Life happens. People fight, get divorced, get fired, and lose loved ones. When these things like this happen in your life, writing can understandably become a much lower priority. It can also be much harder to write if a major source of stress is requiring so much of your mental energy. Life happens to all of us at one point or another and it’s fine to take a break from writing to manage it, but it’s also important to keep writing when your life blows up. As much as you may need to reconfigure your life, it’s important not to let a set back stop you from achieving your writing goals.
Here are some ways to keep writing when your life blows up:
1) Abandon your schedule/plan
When you’re dealing with a majorly stressful situation, it’s important to limit your stress in as many other areas of your life as possible. This can start with writing. Ditch your plan and schedule and find a victory in simply moving your project forward, even if it’s only a little bit. Write what you can, when you can. It’s okay if it’s just a page or a sentence, or an eighth of the work you normally do. You don’t even have to like or be happy with what you’ve written. Let it be enough that you wrote something. And let yourself off the hook for the work you didn’t get to.
2) Take time off when you need it
It’s okay not to show up every planned writing day. Real life problems can be time-consuming and draining. It’s okay if you have a day, or stretch of days, where you don’t have the time or the energy to write. Let yourself take the time away from your work without feeling guilty or worried about how behind you’re getting. But also, be careful not to let this become a habit. The longer you go without writing the harder it will be to fit it back into your life again. If you find that you’ve gone a whole month without writing at all, consider some tips from point #1 and try to write something, even if it’s only a sentence.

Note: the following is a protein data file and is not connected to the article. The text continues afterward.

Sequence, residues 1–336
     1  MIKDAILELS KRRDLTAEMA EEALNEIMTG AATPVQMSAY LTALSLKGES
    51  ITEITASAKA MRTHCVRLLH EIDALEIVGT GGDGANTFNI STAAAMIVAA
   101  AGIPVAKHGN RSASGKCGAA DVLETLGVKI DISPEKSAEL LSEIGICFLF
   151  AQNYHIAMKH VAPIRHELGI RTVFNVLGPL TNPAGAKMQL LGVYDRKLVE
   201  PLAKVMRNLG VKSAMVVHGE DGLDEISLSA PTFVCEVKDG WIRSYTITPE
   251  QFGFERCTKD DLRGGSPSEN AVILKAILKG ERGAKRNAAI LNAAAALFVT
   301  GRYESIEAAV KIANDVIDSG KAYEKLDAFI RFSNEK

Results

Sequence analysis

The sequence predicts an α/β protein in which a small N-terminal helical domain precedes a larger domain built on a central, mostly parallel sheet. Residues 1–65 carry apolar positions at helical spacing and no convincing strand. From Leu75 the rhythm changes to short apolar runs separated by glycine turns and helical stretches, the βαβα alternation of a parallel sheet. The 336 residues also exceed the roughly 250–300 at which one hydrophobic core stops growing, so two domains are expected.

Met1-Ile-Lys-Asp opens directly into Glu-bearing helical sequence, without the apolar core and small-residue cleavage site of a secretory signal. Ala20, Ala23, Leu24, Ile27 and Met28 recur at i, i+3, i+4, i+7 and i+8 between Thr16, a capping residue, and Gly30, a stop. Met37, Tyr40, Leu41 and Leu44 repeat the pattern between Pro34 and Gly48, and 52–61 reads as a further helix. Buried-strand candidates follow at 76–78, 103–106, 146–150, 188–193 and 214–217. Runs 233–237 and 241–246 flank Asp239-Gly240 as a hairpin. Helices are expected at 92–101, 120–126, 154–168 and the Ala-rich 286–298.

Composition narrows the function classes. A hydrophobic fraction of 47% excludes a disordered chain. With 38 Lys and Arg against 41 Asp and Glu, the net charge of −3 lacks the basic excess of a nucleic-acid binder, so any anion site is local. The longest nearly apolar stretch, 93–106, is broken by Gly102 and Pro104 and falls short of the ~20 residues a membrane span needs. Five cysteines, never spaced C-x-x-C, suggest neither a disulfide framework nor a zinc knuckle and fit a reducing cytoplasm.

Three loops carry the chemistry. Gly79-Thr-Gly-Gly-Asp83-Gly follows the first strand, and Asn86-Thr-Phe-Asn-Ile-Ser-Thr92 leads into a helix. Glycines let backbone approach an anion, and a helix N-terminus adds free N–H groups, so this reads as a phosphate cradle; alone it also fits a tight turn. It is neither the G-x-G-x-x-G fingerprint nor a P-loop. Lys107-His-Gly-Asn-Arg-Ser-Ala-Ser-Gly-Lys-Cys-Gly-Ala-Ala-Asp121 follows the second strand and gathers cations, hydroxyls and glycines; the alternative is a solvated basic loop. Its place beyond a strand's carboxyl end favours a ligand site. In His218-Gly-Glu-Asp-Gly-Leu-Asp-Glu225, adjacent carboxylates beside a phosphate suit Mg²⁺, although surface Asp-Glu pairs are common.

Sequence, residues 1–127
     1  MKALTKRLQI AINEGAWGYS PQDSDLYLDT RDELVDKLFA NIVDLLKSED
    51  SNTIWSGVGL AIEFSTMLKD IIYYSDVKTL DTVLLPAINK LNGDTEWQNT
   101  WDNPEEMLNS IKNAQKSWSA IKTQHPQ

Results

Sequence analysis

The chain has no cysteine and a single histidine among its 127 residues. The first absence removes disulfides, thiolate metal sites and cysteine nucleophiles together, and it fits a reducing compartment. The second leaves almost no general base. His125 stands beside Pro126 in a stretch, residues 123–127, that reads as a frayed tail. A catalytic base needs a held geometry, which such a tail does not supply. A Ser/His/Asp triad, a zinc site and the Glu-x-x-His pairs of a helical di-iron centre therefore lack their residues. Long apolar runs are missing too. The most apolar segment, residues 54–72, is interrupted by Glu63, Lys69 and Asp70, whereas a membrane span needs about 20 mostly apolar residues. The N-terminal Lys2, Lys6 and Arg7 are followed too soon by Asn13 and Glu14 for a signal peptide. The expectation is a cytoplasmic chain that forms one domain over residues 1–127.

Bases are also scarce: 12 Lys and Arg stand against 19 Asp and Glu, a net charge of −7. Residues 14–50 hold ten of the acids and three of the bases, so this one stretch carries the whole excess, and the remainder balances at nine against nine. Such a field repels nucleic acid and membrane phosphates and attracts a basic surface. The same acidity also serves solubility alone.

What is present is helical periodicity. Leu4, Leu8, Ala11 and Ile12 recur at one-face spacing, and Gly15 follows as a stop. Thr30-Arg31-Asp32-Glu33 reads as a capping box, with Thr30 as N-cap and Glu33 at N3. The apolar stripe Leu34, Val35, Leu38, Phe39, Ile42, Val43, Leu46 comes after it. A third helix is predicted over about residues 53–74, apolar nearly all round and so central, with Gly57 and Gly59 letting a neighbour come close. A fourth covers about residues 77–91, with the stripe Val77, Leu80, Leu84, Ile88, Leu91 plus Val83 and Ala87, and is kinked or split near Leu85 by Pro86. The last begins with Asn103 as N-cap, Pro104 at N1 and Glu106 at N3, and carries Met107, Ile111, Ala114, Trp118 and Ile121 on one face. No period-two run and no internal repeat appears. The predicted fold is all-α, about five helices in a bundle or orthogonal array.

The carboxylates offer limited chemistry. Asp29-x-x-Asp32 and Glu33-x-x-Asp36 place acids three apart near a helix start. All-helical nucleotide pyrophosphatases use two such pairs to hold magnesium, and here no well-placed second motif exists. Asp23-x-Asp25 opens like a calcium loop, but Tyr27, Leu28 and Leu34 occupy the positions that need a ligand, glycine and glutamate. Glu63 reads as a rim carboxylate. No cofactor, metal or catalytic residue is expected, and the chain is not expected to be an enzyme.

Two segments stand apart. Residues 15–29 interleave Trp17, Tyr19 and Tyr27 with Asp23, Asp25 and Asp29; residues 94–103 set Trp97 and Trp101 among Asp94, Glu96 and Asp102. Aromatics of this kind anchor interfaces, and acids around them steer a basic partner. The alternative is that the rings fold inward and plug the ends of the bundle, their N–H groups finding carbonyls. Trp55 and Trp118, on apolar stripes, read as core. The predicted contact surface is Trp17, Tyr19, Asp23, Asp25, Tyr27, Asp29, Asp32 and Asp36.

3) Let writing be your escape
Trying to fit writing in when everything else is going to hell can sometimes feel like a burden and a chore. But if you can, try to reframe the task in your mind so your story becomes your escape. There’s a good chance your real life problem will start to feel all-consuming. So dive into your own fictional world for a half-hour or so and let your book completely monopolize your brain. This might be easier said than done, but if you can find the time and the headspace, you may find it refreshing and rejuvenating.
4) Let writing help you sort through your emotions
If you can’t seem to get yourself in the right frame of mind to escape your problem, consider using writing to process your situation and emotions. Put your characters in a similar situation as you. Or if that’s a little too on the nose, try putting them in a situation where they might be feeling what your feeling but in a different context. If you need to temporarily abandon the project you’re working on, that’s fine! It’s better to keep writing and write something different than to stop writing altogether because you’re not feeling up to working on your work in progress. In fact, here’s an article from Bustle on 7 Health Benefits of Writing and Journaling.
5) Remember why you’re doing this
There is a reason you’re writing. You probably love it. Maybe it makes you happy and whole. Maybe it helps you make sense of and give meaning to the world. These things are most likely true no matter what you’ve got going on in your life. Let those reasons for anchor you to your work–even if it’s only for a few moments a day or a few moments a week. Remember why this matters to you, and why it was important enough to fit into your life in the first place. As long as you hold on to why this matters to you, you’ll be able to find your way back to the page.
I hope this helps you to keep writing when your life blows up on you.
Now it’s your turn: Do you keep writing when life blows up? If you do, how do you do it? If you don’t, how do you get back on track? Tell me about it in the comments!
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